This week we will focus on Coordinating Conjunctions.

The seven main coordinating conjunctions in English are for and, nor, but, or, yet, so. (An easy way to remember them is with the mnemonic FANBOYS.)

Let’s look at some examples of how these conjunctions coordinate different language units.

The conjunctions and, or coordinate two or more words or phrases to create lists.

He was walking and chewing gum. (verbs)

I’ll take water, milk, or a soda. (nouns)

The building was tall and imposing. (adjectives)

Was he walking quickly or slowly? (adverbs)

Was he walking quickly or running slowly? (verb phrases)

We need lots of ice, some cold drinks, and all of our friends! (noun phrases)

In addition, the conjunctions and, or, but, so can coordinate two or more independent clauses (S+V constructions that can stand alone as a sentence) to create new, expanded sentences with balanced clauses, which are called compound sentences.

The conjunction and combines two clauses to show added information.

We went to the restaurant, and I had a sandwich. (conjunction – coordinating)

The conjunction or combines two clauses to contrast different choices.

We can work together, or we can do it the hard way. (conjunction – coordinating)

The conjunction but combines two clauses to show contrast.

She wanted to see a movie, but I wanted to eat. (conjunction – coordinating)

The conjunction so combines two clauses to show a result (with the so– clause showing the result of the other clause).

We were all very tired, so everyone went home. (conjunction – coordinating)

Let’s Practice!

Use one of the coordinating conjunctions to add to each of the sentences below. Practice your writing skills by writing out your sentences:

  1. I don’t like skiing, ___________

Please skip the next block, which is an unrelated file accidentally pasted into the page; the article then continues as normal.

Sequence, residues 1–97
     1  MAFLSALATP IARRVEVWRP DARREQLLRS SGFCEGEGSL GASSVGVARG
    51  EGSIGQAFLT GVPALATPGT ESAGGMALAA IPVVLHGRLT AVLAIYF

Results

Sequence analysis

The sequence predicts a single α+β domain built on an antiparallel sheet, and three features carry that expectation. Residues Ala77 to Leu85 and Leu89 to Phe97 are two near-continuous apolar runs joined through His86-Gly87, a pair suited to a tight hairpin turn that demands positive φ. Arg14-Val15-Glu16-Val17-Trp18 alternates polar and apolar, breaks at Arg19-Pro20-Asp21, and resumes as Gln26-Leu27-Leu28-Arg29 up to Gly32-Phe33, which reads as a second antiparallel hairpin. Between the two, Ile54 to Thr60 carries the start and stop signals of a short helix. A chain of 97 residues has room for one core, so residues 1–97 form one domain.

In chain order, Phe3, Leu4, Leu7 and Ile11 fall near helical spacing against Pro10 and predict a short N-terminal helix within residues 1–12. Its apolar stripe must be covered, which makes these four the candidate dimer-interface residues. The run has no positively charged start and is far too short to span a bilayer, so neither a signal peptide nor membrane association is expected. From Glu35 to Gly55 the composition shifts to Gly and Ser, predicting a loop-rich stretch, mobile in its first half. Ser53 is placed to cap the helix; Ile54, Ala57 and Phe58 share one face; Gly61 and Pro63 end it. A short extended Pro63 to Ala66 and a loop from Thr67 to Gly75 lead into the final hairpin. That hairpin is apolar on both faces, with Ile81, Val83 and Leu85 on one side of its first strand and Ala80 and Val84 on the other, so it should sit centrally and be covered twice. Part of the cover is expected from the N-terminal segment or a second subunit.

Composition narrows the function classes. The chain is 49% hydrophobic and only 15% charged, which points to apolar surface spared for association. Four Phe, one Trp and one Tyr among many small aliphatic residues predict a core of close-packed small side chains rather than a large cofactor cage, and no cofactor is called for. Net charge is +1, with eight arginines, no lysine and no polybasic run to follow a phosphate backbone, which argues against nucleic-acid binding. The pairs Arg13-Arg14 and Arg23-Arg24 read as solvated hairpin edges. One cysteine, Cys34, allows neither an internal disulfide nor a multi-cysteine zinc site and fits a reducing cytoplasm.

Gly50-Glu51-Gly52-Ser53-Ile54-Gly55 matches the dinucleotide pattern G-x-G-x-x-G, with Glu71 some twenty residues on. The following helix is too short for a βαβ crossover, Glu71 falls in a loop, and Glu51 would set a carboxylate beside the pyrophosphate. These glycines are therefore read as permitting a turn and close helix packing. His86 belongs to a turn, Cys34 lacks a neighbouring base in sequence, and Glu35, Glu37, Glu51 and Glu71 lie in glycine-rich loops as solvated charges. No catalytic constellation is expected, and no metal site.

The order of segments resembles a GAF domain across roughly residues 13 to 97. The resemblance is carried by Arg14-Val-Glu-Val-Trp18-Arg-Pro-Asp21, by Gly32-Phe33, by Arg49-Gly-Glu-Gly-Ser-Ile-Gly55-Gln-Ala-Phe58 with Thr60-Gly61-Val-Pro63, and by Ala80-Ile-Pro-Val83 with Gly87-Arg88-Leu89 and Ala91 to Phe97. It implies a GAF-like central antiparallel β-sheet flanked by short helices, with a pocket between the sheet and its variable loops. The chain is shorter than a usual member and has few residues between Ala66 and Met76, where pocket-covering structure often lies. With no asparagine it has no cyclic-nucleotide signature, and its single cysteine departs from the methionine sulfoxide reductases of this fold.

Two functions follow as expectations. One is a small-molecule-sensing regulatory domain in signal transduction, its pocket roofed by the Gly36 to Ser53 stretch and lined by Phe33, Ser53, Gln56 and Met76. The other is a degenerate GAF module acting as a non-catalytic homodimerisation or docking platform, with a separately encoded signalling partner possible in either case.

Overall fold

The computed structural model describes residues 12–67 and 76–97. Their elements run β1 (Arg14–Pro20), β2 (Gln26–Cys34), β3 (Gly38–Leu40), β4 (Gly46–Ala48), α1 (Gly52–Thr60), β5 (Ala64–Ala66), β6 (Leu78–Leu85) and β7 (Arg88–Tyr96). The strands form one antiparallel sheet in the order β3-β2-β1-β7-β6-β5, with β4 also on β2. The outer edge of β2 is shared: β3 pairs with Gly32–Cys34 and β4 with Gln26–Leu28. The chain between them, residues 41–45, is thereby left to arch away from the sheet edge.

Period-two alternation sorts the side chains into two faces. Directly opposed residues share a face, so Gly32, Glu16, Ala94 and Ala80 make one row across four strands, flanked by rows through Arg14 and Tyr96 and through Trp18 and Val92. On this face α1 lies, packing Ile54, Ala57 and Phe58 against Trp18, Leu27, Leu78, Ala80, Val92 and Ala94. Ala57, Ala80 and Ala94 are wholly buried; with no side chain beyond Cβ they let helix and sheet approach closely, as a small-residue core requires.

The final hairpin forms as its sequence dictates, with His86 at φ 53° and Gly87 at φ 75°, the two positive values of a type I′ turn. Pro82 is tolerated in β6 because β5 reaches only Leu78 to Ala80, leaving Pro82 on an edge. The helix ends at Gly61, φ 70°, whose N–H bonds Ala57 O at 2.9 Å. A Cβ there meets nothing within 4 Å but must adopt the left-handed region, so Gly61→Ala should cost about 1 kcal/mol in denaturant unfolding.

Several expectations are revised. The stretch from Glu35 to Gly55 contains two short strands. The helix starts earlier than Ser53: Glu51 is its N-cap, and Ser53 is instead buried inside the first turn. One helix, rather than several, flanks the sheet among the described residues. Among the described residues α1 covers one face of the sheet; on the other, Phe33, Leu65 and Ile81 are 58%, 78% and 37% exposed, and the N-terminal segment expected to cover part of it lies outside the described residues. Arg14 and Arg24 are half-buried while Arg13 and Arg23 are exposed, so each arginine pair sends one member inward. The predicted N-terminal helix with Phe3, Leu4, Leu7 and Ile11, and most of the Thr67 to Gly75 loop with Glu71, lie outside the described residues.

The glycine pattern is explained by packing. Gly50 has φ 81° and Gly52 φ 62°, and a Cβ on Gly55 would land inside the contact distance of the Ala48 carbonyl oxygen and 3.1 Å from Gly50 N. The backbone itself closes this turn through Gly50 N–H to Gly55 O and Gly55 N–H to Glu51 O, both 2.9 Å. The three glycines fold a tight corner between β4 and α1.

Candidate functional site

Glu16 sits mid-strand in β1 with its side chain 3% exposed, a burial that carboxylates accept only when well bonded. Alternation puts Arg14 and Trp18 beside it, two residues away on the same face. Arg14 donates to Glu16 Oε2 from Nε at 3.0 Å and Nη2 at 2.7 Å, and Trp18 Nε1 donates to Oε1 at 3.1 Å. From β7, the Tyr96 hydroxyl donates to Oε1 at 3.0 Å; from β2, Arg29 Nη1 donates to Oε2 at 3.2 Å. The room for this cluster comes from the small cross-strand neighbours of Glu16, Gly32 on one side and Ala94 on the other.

2. Peter needs a better job______________
  3. The bus was late __________________________
  4. I was worried about taking the exam ___________________
  5. I didn’t have time to prepare lunch ___________________
  6. This restaurant is very expensive ___________________________
  7. Santa enjoys eating cookies __________________________

Reading Practice

Christmas Stories are fun to read and share with your children. Click on the button below to read this holiday classic:

Weekly Challenge

Connotation vs. Denotation:

Synonyms can be tricky. Sometimes words have the same literal meaning (the word’s denotation) but suggest different feelings and associations (the word’s connotation). For example, if you want to compliment someone on his recent weight loss, you might say he looks thin or slender. Both thin and slender have positive connotations. You wouldn’t, however, use the word scrawny as a compliment. The word scrawny has a negative connotation and implies a lack of strength.

Try the practice exercises below to test your knowledge of connotative and denotative meanings.

Choose the word or term with the most positive connotation.

1. The sales associate was very ______.

  1. assertive
  2. pushy

2. We purchased some _______ furniture for the break room.

  1. cheap
  2. inexpensive

3. Brett told me about his ______ to increase profits.

  1. scheme
  2. strategy

4. We need strong leadership from our _______.

  1. politicians
  2. elected officials

5. People say that Peter has a(n) _______ management style.

  1. odd
  2. strange
  3. unique
  4. weird

6. Filling this position on short notice might be a(n) _______ for us.

  1. issue
  2. problem

7. Luis is pretty ______. He keeps to himself and doesn’t talk a whole lot.

  1. reserved
  2. timid
  3. shy
  4. antisocial

8. Greg is very _______. I’ve never seen him waste money on anything.

  1. stingy
  2. cheap
  3. thrifty

9. Mark tends to be a bit _______ about his work.

  1. fanatical
  2. passionate
  3. obsessed

10. I’m not usually so ______, but this has piqued my interest.

  1. nosy
  2. curious

Did you get this newsletter from a friend and want your own FREE copy every week?

Check us out on Instagram and Facebook too! Click the links below:

113 Cherry St. #92768, Seattle, WA 98104-2205

Unsubscribe · Preferences